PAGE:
The Shift from reactive to proactive communications

Dan Spedaliere

By Dan Spedaliere
Account Manager

The Shift from reactive to proactive communications

Local Wisdom CEO Pinaki Kathiari moderated a Rapid Fire panel at this year’s Advance Learning Institute’s Strategic Internal Communications Conference, held late January in San Francisco. Together with the panelists, Kathiari tackled three of the biggest questions facing internal communicators today.

Couldn’t make it? Never fear! This blog series will break down the top tips from panelists Jessica Brubaker, Initiative Communications Lead, McDonald’s USA; Simon Liang, Internal Communications Manager, PagerDuty; Sarah Wice-Courtney, Director of Communications and Public Relations, St. Elizabeth Healthcare; and Lindsey Blakely, Senior Manager, Internal Communications, WalMart Media Group.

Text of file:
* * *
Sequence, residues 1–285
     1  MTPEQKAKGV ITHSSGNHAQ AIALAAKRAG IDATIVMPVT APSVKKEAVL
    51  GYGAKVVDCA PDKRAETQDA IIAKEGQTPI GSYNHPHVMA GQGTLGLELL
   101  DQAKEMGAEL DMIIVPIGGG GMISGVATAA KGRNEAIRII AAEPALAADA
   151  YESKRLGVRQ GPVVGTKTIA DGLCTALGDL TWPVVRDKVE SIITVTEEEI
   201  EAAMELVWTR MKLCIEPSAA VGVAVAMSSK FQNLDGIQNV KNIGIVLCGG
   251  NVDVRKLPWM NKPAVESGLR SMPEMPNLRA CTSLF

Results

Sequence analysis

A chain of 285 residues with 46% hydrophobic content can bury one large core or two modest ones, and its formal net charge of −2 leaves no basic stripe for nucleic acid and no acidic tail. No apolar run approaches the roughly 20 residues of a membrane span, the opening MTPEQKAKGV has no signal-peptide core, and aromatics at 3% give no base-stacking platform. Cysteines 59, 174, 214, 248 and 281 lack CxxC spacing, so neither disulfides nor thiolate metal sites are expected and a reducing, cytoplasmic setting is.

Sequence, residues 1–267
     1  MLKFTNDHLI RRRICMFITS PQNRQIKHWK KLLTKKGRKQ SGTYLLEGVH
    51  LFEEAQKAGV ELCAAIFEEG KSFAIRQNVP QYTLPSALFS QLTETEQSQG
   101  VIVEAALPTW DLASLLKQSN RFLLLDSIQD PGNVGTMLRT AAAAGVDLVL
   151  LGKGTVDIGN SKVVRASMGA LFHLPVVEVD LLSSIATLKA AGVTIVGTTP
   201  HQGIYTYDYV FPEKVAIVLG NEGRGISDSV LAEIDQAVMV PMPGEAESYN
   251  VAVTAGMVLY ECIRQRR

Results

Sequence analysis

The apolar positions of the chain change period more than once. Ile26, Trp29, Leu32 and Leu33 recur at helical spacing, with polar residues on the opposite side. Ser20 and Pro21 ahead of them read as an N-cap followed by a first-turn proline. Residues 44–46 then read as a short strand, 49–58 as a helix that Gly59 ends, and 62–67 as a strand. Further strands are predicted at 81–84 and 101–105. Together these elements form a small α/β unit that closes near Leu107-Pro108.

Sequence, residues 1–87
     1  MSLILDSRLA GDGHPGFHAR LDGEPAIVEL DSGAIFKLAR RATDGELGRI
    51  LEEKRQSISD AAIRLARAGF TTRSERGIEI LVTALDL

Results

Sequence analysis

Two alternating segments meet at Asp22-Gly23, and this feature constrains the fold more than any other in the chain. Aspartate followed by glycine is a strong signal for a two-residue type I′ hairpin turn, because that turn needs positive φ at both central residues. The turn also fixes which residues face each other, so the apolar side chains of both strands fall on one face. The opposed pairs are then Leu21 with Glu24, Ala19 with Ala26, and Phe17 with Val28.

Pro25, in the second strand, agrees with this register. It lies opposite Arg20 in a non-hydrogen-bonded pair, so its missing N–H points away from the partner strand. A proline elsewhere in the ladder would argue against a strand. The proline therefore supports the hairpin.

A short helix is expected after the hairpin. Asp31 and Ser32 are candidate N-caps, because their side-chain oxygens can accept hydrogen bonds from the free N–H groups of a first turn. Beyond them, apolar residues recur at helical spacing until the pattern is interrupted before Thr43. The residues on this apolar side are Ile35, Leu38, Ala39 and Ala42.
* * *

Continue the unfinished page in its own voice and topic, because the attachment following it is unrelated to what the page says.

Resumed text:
The first question posed was:

How would you recommend a company move from a reactive to a proactive communication strategy?

Here’s what the experts had to say.

Lay out the framework


Get the whole year on paper or a shared online calendar. Include events, important meetings, announcements — everything. Then, figure out how messaging can remain consistent.

Stay connected

Meeting with department leadership as needed (every week or even every month) can help internal communications teams stay on top of what’s happening — and anticipate any fires before they start. Share the editorial calendar so everyone is on the same page.

Get the data

If the HR department is sending out five emails a day, and you think that’s excessive, having the data to back it up can help them change their ways. Show them that reactive communications don’t move the needle by demonstrating that x percent of employees don’t even open the emails when they receive that many.

Be patient

Not everyone is going to be on board with the shift from reactive to proactive communications. Track the comms to illuminate trends. Get people in the routine of planning ahead, and then stick to that routine. It’ll pay off in the end.

This is the second in a series. Check out our first post: When Employees Are “Too Busy” For Internal Comms.